Continuous delivery gives organizations the ability to deliver features quickly, stably and sustainably. As teams and enterprises grow and adopt continuous delivery, it becomes important to have scalable testing processes in place.
In particular, it is vital to have continuous testing throughout the software development lifecycle. Testing should start in parallel with development, right from the requirements phase, and continue until the application deployment and production monitoring phase.
That means certain testing activities are going to have to change. Let’s explore the specific activities QA needs to perform throughout the continuous delivery process.
Flushing out ambiguities in requirements
Right from the start, QA analysts should work with other roles to get more clarity concerning requirements. Being clear from the beginning helps prevent problems later in the development process, saving a considerable amount of time and cost for the team.
Here are some common discussion questions to create more clarity:
- What are your critical paths?
- How does your business make money?
- How do your users use the application?
- How are your application services advertised?
- What has been a problem in the past?
Automating as many processes as possible
To ensure stable features are released to customers quickly, automation should start at the earliest development stage, so teams can catch defects early and get them fixed as soon as they occur. This may involve the use of CI/CD tools such as Travis CI for building out pipelines for builds and tests, other tools for tracking the metadata around each step of the process, and internal tools for developers to ensure they’ve got proper code coverage.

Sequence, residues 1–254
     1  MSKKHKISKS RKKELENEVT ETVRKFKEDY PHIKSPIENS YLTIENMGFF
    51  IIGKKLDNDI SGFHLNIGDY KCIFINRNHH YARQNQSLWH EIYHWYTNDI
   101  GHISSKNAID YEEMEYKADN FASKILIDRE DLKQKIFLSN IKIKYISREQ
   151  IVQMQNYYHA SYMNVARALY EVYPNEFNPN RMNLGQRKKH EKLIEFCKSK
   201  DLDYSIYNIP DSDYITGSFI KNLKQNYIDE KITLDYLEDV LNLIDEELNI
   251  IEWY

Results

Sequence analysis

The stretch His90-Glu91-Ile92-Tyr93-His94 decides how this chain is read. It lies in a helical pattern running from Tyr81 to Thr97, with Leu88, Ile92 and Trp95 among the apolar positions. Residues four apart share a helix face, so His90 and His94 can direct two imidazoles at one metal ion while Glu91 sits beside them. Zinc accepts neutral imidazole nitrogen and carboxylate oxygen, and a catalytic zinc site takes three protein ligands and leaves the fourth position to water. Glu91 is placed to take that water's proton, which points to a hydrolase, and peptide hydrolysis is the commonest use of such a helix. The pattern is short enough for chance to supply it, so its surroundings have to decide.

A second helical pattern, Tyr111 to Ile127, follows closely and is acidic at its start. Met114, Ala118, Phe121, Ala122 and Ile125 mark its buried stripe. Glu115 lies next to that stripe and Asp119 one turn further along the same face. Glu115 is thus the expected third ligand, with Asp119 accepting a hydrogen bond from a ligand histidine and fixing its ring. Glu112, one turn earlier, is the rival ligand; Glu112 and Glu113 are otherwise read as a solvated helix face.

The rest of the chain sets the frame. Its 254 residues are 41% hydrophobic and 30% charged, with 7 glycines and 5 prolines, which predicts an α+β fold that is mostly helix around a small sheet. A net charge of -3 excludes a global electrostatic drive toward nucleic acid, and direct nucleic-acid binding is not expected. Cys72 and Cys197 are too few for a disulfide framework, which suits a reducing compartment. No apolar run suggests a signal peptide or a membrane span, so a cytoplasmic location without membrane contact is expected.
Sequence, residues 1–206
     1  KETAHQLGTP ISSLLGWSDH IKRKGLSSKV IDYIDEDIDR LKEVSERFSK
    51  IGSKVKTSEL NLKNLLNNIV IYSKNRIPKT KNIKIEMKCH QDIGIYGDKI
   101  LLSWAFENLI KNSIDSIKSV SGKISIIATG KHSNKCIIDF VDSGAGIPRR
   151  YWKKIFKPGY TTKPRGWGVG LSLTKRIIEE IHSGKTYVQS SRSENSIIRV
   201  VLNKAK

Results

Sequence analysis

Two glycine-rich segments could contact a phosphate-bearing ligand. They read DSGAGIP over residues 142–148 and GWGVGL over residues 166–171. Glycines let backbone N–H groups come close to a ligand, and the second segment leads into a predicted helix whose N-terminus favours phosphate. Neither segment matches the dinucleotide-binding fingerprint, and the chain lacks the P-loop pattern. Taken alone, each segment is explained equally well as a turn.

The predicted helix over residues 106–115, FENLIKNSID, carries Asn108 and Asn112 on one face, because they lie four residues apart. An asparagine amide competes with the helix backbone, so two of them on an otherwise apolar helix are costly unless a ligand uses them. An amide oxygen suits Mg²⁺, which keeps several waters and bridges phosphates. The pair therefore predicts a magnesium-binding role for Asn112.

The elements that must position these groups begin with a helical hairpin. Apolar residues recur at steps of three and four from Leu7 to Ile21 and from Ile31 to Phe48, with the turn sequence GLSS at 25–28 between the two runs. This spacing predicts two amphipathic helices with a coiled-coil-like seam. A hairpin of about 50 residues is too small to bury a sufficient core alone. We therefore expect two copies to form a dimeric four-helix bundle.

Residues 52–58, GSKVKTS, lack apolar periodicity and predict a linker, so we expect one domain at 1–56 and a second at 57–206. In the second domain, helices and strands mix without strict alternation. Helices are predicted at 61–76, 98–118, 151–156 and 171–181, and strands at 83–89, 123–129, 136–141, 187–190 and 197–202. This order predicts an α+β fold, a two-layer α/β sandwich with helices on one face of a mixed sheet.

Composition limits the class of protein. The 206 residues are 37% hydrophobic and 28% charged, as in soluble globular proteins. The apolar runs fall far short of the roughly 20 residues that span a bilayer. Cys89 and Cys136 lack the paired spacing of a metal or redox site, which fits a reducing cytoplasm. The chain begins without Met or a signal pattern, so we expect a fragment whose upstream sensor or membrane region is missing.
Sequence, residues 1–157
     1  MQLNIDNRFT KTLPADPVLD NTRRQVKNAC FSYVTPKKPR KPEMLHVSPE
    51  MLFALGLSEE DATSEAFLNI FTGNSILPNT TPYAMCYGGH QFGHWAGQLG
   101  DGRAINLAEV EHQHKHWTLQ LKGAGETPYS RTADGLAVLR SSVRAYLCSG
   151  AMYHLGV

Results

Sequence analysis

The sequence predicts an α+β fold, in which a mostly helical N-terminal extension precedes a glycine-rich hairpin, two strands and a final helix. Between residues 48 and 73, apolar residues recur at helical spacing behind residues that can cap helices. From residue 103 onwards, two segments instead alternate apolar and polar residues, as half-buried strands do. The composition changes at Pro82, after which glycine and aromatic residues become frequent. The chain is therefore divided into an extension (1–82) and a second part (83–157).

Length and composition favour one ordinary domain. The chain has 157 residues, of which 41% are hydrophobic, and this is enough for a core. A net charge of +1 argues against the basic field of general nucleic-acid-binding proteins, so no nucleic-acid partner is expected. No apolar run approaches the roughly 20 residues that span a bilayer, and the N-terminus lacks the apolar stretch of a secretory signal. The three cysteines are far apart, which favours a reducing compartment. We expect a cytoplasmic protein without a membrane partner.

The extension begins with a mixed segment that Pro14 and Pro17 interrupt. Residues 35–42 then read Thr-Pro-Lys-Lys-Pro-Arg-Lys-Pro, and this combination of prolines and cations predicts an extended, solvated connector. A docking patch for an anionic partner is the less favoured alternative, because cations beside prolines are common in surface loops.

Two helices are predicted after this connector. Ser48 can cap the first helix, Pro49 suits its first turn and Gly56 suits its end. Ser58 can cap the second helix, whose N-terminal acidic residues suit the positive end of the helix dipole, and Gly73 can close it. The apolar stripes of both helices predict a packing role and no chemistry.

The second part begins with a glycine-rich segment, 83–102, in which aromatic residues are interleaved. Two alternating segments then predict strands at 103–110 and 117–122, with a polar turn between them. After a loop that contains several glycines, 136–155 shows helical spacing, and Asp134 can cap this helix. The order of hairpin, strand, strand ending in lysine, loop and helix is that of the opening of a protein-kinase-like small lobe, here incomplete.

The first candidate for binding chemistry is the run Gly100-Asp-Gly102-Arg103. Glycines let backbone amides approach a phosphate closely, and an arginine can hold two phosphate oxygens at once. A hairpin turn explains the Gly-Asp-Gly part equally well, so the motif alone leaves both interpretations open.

The important thing here is standardizing something that works for the overall testing effort, not focusing on the specific tools. Think of the bigger picture.
Also, we need to start building tests incrementally. After fixing a bug or developing a new feature, teams should create an automated test specific to the bug or feature and add it to the regression test suite. Over time, the regression tests will cover only the most important and relevant aspects of the application.
Shifting the focus of manual testing
With automated tests running parallel to development work, it frees up a lot of time for testers to focus on other types of testing approaches that would need more critical thinking. Testers can use this time to uncover issues that would otherwise be hard to find via automation through activities such as exploratory testing, usability testing, risk-based testing and more.
However, testers shouldn’t try to test everything, because automated tests will have some of their bases covered. Instead, they should focus their attention on the system’s critical paths and the new features that have to work as expected before pushing them to end-users.
Increasing system stability and reliability
It is a common misconception that since teams deliver features rapidly as part of the continuous delivery process, they compromise stability and reliability. This is far from the truth. In fact, the features released are of higher quality because automated tests are run right from the start of the development process. They finish running within a matter of minutes to give quick feedback about the system, revealing defects as early as possible.
Also, there is always a stable version of the code ready to be deployed at any time, enabling the team to do quick checks using feature flags, employing rollbacks in case of any problems. This ensures end-users always have a stable version of the application to use.
Finally, automated performance and security testing also help make the system more reliable and find critical vulnerabilities before the features are released.
The role of QA in a continuous delivery pipeline is critical to the successful release of products to customers. Keeping the above factors in mind will help teams understand the activities QA needs to be involved in to streamline the overall development process.
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